Encryption Equals Control

 
 
By eweek  |  Posted 2001-01-29 Email Print this article Print
 
 
 
 
 
 
 


Encryption Equals Control

For now, digital media companies are focused on licensing, but legal experts said a recent law protecting encrypted content provides yet another means for the record industry to control the market.

The Digital Millennium Copyright Act includes a section that makes it illegal to circumvent technological measures that control copying or accessing copyrighted material. In other words, once a song is encrypted, hacking the encryption is against the law.

The record and movie industries pushed for the provision, saying it was necessary to prevent tools that enable illegal copies of content from being widely disseminated.

Legal experts argued, however, that there are legitimate reasons for hacking the record companys protections, such as "fair use" rights for consumers to copy content for which they have already paid.

Moreover, critics said, encryption schemes enable entertainment companies to dictate business models to the rest of the industry. Entertainment companies can include usage rules as part of the encrypted content, or they can require other companies to support their preferred business model before they get access to the keys.

But in the computer industry, there is a tradition of reverse-engineering products in order to compete with them. For instance, Compaq reverse-engineered the BIOS — or basic input/output system — on the IBM PC to enable software written for IBM computers to also run on a Compaq PC.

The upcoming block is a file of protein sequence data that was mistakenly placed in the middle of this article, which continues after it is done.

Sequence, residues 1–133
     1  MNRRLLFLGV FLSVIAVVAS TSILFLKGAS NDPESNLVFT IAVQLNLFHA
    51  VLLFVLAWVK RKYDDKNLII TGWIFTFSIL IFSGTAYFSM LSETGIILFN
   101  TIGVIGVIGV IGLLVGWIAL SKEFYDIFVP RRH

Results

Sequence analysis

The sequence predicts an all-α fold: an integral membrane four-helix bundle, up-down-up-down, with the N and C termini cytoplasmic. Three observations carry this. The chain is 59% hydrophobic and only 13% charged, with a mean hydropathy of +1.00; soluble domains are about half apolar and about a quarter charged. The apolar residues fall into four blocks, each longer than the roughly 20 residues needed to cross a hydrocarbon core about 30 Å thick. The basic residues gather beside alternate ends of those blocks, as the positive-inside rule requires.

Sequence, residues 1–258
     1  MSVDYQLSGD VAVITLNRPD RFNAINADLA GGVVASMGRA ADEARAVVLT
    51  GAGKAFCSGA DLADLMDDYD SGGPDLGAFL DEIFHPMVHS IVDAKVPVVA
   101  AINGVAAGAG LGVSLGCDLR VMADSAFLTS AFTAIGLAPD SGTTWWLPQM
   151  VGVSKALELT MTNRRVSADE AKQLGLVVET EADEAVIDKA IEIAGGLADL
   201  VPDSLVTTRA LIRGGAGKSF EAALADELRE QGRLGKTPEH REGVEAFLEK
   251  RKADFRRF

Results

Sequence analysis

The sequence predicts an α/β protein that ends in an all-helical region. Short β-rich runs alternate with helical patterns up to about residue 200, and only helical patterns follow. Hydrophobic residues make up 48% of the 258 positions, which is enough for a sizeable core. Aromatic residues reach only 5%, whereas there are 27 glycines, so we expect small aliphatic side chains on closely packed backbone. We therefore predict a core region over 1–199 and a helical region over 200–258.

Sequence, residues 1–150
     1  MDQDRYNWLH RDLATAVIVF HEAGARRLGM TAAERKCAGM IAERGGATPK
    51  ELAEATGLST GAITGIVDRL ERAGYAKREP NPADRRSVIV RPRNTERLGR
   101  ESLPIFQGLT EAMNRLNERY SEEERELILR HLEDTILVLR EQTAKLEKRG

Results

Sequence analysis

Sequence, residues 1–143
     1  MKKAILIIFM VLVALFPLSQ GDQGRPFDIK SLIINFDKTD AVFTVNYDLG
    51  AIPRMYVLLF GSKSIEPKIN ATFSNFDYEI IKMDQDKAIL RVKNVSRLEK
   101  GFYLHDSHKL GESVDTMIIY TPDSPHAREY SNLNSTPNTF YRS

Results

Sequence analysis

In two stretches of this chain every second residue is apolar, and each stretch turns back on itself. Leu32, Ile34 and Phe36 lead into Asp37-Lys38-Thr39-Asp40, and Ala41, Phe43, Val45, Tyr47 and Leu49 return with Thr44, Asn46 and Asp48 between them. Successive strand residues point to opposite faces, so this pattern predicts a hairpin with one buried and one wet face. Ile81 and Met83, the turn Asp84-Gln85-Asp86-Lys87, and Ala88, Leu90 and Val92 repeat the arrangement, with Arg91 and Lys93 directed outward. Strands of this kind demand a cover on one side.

The Digital Millennium Copyright Act provision has exemptions for reverse-engineering and encryption research, but many legal experts said theyre too narrow.

Last year, the movie industry won a court battle to protect its DVD protection scheme; the ruling said the owners of the 2600.com Web site could not post or link to software that defeats the protections for DVDs. The ruling prompted an outcry from copyright lawyers and civil liberties advocates, who said the law violates the First Amendment and should be declared unconstitutional. The case is now being appealed.

While it hasnt yet proven popular, the recording industry, too, is selling encrypted content. And efforts like the Secure Digital Music Initiative are attempting to develop a secure framework for music distribution.

Cohen said hes sympathetic to the movie industrys position on DVDs.

"When DVD came out, you could buy high-quality movies for 20 bucks," he said. "Then someone says: Im striking a blow for freedom. Im cracking the protection scheme. In the last year and a half, weve gotten to the point that, because it can be done, its OK."



 
 
 
 
 
 
 
 
 
 
 

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